This project supports engaged student learning, faculty development, and the capacity to further internationalize curricula across disciplines – goals shared by all colleges. It also serves to strengthen existing programs in languages and humanities which is essential if we are to maintain our identities as institutions firmly rooted in the liberal arts. Furthermore, being ahead of the curve regarding translation as an emerging important trend in the humanities can provide another way for ACM schools to become more distinctive among competing institutions.

This project also creates news ways for interconnections between diverse disciplines. Skills in languages and cultures are just as important in literature as they are in political science, business, medicine and the sciences, or education.

More specifically, however, this project directly supports initiatives adopted by each institution. An emphasis on translation across the curriculum could make Grinnell’s Literary Translation Collective more relevant to other disciplines and more integral to the stated mission and values of a liberal arts college committed to social justice in an interconnected world. Cornell’s Center for Literary Arts could expand the courses, workshops, and readings it offers to include translation as a literary art. The Coe Review, which publishes a volume of fiction and poetry each year, might also consider including a volume of translations. Finally, the idea of translation as intercultural exchange would be a wonderful way to create a shared interdisciplinary focus in the Global Cultural Studies Center, a key initiative in Coe’s new strategic plan.



Project team and up to 8 other ACM faculty members participate in an opening workshop, an 8-month hybrid (online / in-person) workshop on translation practice and pedagogy. Facilitated by project consultant.


Faculty undertake projects in curricular development and campus programming; do presentations for their campus on the benefits of translation for global literacies

  1. Presentation on each campus by project facilitator on translation and global literacies
  2. A one-day student workshop for up to 20 students on each campus
  3. Events/presentations featuring translation or works in translation
  4. Opportunities for students across disciplines to develop intercultural skills through translation practices

A May Term or one-week translation workshop for up to 30 students across the ACM. (Planned during project, but not funded by the grant.)


Featuring an opening plenary on translation in the liberal arts, readings, and four interactive panels: 1) Translation in/as Scholarship; 2) Translation as epistemic model and cognitive science; 3) Integrating various modes of translation for intercultural understanding across disciplines; and 4) Curricular design and global literacies.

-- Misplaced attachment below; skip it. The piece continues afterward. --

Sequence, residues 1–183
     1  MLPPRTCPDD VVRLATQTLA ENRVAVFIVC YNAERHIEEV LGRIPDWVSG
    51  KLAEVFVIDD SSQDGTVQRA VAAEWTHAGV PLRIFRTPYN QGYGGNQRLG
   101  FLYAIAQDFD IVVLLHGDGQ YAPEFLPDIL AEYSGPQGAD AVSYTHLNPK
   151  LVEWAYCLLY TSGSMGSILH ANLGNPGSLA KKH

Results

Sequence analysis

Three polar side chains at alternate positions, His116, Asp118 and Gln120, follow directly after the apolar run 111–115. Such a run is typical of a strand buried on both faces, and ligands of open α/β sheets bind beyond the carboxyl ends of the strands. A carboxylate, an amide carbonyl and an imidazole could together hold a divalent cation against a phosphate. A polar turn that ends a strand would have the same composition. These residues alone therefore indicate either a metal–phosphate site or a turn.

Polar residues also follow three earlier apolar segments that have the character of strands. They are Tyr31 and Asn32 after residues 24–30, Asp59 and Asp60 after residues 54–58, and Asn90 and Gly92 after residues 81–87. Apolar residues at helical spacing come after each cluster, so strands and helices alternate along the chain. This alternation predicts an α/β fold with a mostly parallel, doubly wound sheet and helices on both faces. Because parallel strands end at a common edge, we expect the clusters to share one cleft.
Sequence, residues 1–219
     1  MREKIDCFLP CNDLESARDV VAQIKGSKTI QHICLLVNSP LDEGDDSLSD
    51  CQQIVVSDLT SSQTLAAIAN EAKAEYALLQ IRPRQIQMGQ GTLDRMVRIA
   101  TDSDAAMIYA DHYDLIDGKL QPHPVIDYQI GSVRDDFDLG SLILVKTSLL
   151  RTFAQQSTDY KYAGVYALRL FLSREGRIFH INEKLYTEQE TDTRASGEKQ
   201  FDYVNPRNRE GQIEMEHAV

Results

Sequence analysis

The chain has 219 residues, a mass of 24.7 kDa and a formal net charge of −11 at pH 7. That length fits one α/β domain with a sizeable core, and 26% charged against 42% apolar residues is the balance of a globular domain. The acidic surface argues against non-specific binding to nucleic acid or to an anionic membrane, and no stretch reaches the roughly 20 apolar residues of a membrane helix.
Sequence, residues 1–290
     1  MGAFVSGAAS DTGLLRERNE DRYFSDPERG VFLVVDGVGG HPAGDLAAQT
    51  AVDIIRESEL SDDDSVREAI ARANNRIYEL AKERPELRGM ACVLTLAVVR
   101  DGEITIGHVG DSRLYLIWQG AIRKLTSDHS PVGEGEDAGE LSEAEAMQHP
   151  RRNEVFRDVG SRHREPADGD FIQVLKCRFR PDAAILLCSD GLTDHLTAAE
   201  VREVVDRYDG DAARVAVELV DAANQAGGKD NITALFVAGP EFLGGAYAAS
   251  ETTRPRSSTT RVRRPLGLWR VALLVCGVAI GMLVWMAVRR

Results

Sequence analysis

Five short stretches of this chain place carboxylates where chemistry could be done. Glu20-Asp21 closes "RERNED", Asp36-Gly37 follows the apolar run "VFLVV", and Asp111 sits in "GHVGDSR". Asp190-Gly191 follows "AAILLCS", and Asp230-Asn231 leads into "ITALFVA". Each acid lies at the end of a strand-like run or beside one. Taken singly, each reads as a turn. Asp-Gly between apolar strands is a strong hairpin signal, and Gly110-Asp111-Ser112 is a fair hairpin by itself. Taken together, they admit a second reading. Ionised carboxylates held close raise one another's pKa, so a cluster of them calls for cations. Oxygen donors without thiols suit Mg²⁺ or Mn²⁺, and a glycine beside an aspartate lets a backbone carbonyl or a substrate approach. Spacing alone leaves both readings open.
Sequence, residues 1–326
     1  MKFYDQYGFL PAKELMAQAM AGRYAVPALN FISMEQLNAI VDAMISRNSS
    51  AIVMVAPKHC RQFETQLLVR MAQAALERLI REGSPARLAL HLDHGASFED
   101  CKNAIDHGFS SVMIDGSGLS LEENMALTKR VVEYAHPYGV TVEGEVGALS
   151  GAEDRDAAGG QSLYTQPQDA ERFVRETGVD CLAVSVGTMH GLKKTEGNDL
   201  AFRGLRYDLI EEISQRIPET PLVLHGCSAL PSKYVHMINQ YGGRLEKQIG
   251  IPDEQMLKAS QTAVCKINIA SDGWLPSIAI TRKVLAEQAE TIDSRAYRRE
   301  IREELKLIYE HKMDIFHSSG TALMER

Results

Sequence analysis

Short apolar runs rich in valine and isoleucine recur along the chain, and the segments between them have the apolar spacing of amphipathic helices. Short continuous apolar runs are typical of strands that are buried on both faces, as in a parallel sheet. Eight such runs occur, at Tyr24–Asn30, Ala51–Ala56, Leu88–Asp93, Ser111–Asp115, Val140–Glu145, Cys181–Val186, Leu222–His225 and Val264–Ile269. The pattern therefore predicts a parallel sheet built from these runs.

Project team members create an online course for ACM faculty on how to teach global literacies through translation which includes a reservoir of resources for consultation and adaptation.


FaCE project presentation on teaching global literacies through translation at the 2017 ALTA conference (Minneapolis)

Dissemination Strategies

  • Faculty on each campus work to share interest and findings with colleagues in other disciplines
  • Faculty from each discipline within the project group (Classics, Creative Writing, English, Film Studies, French, German, Russian, Spanish, and Theater) connect with faculty in their own disciplines in other ACM schools to share resources and begin conversations across campuses
  • ACM-wide conference: Translation for Global Literacies Across the Curriculum
  • Online resource center giving ACM faculty access to project results (curricula, sample syllabi, course modules, and an online course helping faculty adapt materials for their own uses in their own disciplines)
  • Creation of an ACM community around translation practice, pedagogy, and global literacy
  • ACM-wide student translation workshop in 2018 for up to 18 students (either as a 3-week May Term course through Coe or intensive 10-day workshop at the University of Iowa)
  • Possible creation of an undergraduate journal for translation (ACM-wide and beyond) or inclusion of translation in existing literary journals at Coe and Cornell (ideally with a separate volume)
  • Panel presentation on this ACM initiative at the ALTA conference
  • Possible joint-authored article about using translation to teach global literacies across the curriculum in a liberal arts setting

Outcomes and Significance

The ACM-wide translation conference is scheduled for April 27-29, 2018 at Coe College. We were able to invite some really remarkable people to present, who were very enthusiastic about our project.